Source:New York Times,27/05/2011
By NASSER ARRABYEE and J. DAVID GOODMAN
SANA, Yemen — More than 100 tribal fighters overran a military checkpoint to the northeast of the Yemeni capital Friday, killing several soldiers and taking control of an important eastern gateway to the city, according to tribesmen and witnesses. Five tribesmen were also killed, they said.
The battle continued into Friday afternoon, the tribesmen said, with the Yemen military carrying out airstrikes by helicopter on areas around the checkpoint, known as Al Fardha, in an effort to dislodge the opposition tribesmen. Located on a mountain, Al Fardha is the main checkpoint between Sana and the eastern province of Mareb, and an important strategic location for the government of President Ali Abdullah Saleh, which has tried to seal off the capital to prevent tribal fighters from joining battles there.
But even as fighting raged outside Sana, the violence that has gripped Yemen’s central city since Monday appeared to ebb. Mr. Saleh canceled his weekly rally, which had in the past included thousands of government supporters from outside of the capital, and opposition protests were not as large as in previous weeks amid continuing fears of violence.
The relative calm came as representatives of Mr. Saleh’s government engaged in mediation late Thursday and again on Friday with tribesmen loyal to the Ahmar family, whose members play leading roles in the political opposition. The two sides fought fierce street battles this week after Mr. Saleh refused for a third time to sign a deal to transfer power in the face of vast street protests. More than 100 people have died in the clashes. Tribesmen, speaking to the local news media, have vowed to avenge the deaths of men from their tribes who had been killed in the fighting.
Previous efforts at mediation between government forces and Ahmar fighters broke down this week after a group of tribal sheiks came under fire almost immediately after arriving at the Ahmar compound. Tribal mediators were again at the Ahmar home on Friday, and talks appeared to be proceeding without any violent interruption.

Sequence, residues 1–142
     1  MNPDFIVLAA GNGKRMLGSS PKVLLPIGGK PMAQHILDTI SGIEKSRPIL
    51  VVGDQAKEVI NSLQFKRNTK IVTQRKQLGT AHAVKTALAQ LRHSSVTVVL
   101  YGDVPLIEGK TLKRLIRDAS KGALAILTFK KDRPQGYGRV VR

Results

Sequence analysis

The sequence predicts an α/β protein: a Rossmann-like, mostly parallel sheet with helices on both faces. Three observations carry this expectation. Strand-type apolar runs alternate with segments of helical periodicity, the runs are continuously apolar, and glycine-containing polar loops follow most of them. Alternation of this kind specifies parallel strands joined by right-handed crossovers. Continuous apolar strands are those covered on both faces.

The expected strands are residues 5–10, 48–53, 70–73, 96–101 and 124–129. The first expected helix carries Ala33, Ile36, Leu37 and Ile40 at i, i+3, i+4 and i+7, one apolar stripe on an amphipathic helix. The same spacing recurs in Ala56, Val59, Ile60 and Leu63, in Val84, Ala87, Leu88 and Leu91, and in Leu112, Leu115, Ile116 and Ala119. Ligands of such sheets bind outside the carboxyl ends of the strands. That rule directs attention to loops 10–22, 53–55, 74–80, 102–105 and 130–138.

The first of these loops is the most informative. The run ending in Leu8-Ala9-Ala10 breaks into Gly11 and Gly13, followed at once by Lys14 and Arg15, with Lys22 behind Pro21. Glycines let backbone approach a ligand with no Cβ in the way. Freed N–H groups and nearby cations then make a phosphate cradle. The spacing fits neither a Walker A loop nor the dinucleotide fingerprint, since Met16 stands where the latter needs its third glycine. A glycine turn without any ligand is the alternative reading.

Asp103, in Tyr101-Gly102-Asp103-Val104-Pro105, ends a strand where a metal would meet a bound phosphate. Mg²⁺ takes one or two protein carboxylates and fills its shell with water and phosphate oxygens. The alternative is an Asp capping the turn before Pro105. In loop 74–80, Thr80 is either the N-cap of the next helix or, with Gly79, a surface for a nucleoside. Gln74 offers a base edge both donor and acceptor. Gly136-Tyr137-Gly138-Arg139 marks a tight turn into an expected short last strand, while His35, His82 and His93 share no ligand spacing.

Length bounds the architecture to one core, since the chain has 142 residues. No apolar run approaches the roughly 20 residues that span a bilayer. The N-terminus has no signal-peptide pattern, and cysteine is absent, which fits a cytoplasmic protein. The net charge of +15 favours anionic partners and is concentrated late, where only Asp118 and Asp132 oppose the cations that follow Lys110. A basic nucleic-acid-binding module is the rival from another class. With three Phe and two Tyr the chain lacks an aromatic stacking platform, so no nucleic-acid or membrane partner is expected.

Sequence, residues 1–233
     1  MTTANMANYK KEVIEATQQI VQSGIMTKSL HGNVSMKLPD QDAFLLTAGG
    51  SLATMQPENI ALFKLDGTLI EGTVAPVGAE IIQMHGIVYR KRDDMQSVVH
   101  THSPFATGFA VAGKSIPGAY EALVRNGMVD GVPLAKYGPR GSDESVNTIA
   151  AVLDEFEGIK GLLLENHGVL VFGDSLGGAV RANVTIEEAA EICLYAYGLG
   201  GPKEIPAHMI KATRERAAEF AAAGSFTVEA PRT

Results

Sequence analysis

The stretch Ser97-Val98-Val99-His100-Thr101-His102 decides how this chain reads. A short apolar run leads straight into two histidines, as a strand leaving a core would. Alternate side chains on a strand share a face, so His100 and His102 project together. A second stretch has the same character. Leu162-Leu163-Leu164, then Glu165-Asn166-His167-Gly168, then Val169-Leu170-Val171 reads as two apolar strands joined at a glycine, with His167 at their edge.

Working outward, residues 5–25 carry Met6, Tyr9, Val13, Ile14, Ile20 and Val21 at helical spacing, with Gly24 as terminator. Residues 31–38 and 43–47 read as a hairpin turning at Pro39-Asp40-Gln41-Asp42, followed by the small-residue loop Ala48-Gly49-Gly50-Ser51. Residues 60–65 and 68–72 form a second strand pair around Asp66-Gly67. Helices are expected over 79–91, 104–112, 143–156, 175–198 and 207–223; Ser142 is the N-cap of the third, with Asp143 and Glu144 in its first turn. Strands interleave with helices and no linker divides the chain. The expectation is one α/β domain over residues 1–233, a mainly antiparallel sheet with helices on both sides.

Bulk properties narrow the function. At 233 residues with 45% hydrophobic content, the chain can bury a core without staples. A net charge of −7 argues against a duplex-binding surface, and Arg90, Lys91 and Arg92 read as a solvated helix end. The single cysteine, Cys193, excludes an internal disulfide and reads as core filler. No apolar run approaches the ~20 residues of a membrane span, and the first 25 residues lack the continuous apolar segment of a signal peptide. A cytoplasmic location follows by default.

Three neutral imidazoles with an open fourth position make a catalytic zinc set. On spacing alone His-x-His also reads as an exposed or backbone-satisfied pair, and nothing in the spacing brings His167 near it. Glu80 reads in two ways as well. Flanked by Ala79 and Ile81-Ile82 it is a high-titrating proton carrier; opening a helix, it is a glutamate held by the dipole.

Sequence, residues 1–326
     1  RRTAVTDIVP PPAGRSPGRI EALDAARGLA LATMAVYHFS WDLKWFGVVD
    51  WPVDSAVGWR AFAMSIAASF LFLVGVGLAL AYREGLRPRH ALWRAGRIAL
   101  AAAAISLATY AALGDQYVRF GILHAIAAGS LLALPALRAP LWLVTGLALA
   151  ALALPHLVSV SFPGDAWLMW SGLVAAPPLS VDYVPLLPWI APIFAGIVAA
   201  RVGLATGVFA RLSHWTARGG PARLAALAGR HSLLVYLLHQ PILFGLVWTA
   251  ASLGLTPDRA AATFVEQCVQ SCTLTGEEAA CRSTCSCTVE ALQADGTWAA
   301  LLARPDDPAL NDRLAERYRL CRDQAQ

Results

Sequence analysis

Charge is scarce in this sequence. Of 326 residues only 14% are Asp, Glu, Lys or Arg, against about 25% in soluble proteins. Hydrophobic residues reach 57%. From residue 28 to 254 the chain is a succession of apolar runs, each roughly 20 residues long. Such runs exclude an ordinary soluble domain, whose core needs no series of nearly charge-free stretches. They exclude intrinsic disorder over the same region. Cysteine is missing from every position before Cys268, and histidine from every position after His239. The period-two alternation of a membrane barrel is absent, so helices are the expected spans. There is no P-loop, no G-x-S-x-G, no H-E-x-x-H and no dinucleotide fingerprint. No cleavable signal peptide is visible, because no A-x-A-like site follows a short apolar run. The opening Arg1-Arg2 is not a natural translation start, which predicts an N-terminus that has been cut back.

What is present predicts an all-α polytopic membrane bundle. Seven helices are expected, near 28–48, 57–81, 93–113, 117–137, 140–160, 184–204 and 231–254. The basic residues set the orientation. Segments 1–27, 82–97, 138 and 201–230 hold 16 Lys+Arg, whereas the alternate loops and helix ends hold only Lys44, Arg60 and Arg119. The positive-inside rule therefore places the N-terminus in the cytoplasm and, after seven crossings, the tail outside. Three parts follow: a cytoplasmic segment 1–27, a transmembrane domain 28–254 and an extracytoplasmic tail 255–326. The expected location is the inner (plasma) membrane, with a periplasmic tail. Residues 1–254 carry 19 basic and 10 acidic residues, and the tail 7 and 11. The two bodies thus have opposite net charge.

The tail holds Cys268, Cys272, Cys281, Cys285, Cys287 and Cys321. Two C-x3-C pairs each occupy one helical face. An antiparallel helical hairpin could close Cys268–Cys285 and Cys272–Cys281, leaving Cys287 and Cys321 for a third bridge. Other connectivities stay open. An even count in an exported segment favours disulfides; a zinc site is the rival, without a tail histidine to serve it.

Sadiq al-Ahmar, the oldest of the Ahmar brothers and the leader of the Hashid tribal confederation, spoke at an opposition protest on Friday and confirmed the mediation efforts. He also defended the actions of his fighters. “We wanted our revolution to be peaceful but were forced to use the weapons,” said Mr. Ahmar, who had sought to rally Yemen’s tribes against Mr. Saleh. “Now we would say we are ready for anything peaceful or not peaceful.”
Protesters at the main antigovernment sit-in remained divided over how to react to the violence. Some were angered by Mr. Ahmar’s comments. “He introduced himself as a leader for our peaceful revolution,” a protester at Friday’s rally, Tawfik al-Ammari, said doubtfully. “We want Saleh to go, but we do not want the Al Ahmar family to replace him.”
As the country moved toward a broader civil conflict, Mr. Ahmar’s efforts to widen the struggle appeared to be working, with Friday’s fighting at the northeastern checkpoint and battles on Wednesday in Arhab, a village north of the capital.
Western leaders condemned the “use of violence in response to peaceful protest throughout Yemen” in a joint communiqué issued Friday during the Group of 8 meeting in France, Reuters reported.
Mr. Saleh has been an ally of the United States on counterterrorism, but now American officials are considering pushing for United Nations resolutions or even sanctions in order to press him to put an end to the violence by signing the agreement and leaving power.
Amid the fighting this week, residents in the capital hoarded cash from banks and thousands packed into cars and taxis to flee. Though Yemen has had its share of conflicts over the past 20 years, including a bloody civil war in 1994 and a drawn-out war against Houthi rebels in the north, most battles were fought outside Sana.
Nasser Arrabyee reported from Sana, and J. David Goodman from New York. Laura Kasinof contributed reporting.